Over a year ago, I decided to check out other web development solutions, both free and $$$ versions. I tried Joomla for awhile, but never quite got the hang of it. I eventually settled on WordPress, and overall, have been very happy with it, even though several of my MVP peers do not recommend Wordpress because of the ease of code developersa to write PHP insecure copde. But that’s for another post!
Meanwhile, if you are interested, check out the WordPress 3.0 blog post, which includes a video of the new features.
This is from the “Wow, this is free?” department. Have you ever needed to edit an image with Photoshop, but you were on a computer without Photoshop? Your wait is over, as there’s a solution for you. It’s called Pixlr Editor. Not only is it free, it’s web based, so there’s no software to install. The toolbar is nearly identical to Photoshop.
And, if that’s not enough, if you only need to do basic photo editing, they also have Pixlr Express. Can you say “Photoshop Lite-Lite?”. Give it a try!
Oh by the way, it does require Flash 10, so if you are on an iPad, I guess you are out of luck.
We all have had customers who have been hit with one of those fake anti-virus programs, that turn out ot be malicious malware. Trend Micros has put out a whitepaper entitled “Unmasking Fake AV“. Check it out!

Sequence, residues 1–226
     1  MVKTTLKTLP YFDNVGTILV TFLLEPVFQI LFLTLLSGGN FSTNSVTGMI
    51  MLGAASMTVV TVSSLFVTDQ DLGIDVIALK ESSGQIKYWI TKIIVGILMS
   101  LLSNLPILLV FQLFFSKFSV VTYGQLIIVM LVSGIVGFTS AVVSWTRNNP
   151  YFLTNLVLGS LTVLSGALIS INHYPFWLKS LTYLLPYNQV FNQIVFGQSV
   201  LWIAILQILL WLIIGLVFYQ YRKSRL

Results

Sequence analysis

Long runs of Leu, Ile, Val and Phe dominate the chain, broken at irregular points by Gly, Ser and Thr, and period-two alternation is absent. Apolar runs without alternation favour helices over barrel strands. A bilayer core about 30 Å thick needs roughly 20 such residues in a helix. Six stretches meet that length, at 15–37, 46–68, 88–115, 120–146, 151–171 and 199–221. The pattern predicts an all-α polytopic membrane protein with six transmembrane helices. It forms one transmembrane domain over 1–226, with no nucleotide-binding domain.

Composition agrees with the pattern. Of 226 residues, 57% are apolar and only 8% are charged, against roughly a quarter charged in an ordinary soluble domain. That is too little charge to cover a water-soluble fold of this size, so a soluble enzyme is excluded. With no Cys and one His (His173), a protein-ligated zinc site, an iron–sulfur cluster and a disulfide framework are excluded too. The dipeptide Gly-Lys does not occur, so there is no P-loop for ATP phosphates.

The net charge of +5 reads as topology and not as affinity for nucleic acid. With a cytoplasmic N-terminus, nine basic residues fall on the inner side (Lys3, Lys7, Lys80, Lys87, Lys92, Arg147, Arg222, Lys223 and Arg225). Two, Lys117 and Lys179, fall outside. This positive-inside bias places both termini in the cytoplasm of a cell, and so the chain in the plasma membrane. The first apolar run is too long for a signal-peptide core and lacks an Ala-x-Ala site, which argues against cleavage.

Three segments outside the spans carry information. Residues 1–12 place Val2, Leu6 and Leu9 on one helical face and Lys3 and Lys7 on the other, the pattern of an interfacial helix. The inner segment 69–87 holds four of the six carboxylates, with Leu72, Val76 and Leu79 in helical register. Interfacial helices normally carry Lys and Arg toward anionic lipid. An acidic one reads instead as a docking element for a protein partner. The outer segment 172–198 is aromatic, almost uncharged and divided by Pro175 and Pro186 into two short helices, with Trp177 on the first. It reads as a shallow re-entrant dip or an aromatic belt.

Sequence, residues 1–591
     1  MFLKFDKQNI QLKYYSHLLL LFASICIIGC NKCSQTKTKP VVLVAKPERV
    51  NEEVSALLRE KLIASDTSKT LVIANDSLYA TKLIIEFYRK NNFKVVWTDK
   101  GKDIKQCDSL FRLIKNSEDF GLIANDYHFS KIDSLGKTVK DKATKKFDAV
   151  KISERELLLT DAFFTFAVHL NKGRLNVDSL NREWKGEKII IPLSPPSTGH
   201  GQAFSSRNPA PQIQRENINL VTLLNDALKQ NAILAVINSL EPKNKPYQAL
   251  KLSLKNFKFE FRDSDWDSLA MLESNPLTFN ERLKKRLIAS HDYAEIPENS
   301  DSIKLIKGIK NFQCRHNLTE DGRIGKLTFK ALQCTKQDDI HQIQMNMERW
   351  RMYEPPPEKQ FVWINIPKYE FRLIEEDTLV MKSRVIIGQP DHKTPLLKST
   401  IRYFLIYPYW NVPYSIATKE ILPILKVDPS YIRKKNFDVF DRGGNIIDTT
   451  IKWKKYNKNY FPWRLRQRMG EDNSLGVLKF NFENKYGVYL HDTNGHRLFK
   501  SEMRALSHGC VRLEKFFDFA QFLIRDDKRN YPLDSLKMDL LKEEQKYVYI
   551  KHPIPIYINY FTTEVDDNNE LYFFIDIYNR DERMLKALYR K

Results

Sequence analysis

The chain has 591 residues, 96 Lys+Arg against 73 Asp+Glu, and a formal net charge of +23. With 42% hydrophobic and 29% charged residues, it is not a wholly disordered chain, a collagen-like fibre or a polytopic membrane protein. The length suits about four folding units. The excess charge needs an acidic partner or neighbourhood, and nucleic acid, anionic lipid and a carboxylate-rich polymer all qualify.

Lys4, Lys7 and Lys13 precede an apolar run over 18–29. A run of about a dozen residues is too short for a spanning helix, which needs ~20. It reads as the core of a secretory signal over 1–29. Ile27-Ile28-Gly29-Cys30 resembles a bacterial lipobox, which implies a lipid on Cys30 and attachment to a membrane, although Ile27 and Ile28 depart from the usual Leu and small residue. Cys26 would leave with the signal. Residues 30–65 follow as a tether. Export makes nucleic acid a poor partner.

When cleaning up crapware from a workstation, my two primary “go to” solutions are Microsoft Security Essentials and MalwareBytes. I will run these both logged in as the user, as will run quick scans initially. If it finds enough things, I will then reboot into Safe Mode, login as the administrator, and run full scans until nothing is found.
Today, I had a computer that Malwarebytes and MSE both identified and cleaned up issues on. However, soemthing just didn’t seem right, and the computer was still acting — can I say — wierd? I decided to download SuperAntiSPyware, as I know plenty of people rely on it. Guess what? It found another 146 issues on this computer!
Yes, I know some of you will tell me to flatten this computer and reload Windows from scratch. And I may do so. Right now, I’m interested in trying to learn what things each of these solutions will find or not find.